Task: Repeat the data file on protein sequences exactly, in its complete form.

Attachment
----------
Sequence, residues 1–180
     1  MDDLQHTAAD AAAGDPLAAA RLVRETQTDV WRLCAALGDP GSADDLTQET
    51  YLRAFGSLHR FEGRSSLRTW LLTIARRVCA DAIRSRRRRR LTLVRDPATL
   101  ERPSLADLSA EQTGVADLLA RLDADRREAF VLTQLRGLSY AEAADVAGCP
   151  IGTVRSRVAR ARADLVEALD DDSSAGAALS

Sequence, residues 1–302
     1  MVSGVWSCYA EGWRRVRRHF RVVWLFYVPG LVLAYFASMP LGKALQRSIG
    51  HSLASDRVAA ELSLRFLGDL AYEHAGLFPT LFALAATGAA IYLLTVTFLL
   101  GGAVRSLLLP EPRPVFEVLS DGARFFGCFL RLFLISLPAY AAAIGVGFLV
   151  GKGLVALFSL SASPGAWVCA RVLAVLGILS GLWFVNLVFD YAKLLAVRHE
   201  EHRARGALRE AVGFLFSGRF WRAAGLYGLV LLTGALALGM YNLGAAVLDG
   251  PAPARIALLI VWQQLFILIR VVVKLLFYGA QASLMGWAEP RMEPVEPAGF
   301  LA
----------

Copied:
Sequence, residues 1–180
     1  MDDLQHTAAD AAAGDPLAAA RLVRETQTDV WRLCAALGDP GSADDLTQET
    51  YLRAFGSLHR FEGRSSLRTW LLTIARRVCA DAIRSRRRRR LTLVRDPATL
   101  ERPSLADLSA EQTGVADLLA RLDADRREAF VLTQLRGLSY AEAADVAGCP
   151  IGTVRSRVAR ARADLVEALD DDSSAGAALS

Sequence, residues 1–302
     1  MVSGVWSCYA EGWRRVRRHF RVVWLFYVPG LVLAYFASMP LGKALQRSIG
    51  HSLASDRVAA ELSLRFLGDL AYEHAGLFPT LFALAATGAA IYLLTVTFLL
   101  GGAVRSLLLP EPRPVFEVLS DGARFFGCFL RLFLISLPAY AAAIGVGFLV
   151  GKGLVALFSL SASPGAWVCA RVLAVLGILS GLWFVNLVFD YAKLLAVRHE
   201  EHRARGALRE AVGFLFSGRF WRAAGLYGLV LLTGALALGM YNLGAAVLDG
   251  PAPARIALLI VWQQLFILIR VVVKLLFYGA QASLMGWAEP RMEPVEPAGF
   301  LA